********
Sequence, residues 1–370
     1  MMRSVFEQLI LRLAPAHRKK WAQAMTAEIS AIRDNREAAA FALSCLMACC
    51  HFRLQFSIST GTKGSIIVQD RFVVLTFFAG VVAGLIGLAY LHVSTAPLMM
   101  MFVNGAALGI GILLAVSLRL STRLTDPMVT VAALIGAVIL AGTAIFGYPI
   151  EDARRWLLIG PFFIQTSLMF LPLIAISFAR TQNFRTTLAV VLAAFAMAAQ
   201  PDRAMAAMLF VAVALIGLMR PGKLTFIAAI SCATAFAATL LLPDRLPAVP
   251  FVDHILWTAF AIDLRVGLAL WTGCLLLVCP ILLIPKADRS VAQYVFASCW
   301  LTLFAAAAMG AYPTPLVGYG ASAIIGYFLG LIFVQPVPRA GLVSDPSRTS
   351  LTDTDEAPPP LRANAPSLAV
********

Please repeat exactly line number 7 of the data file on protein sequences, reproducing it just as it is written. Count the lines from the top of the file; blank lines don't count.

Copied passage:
   251  FVDHILWTAF AIDLRVGLAL WTGCLLLVCP ILLIPKADRS VAQYVFASCW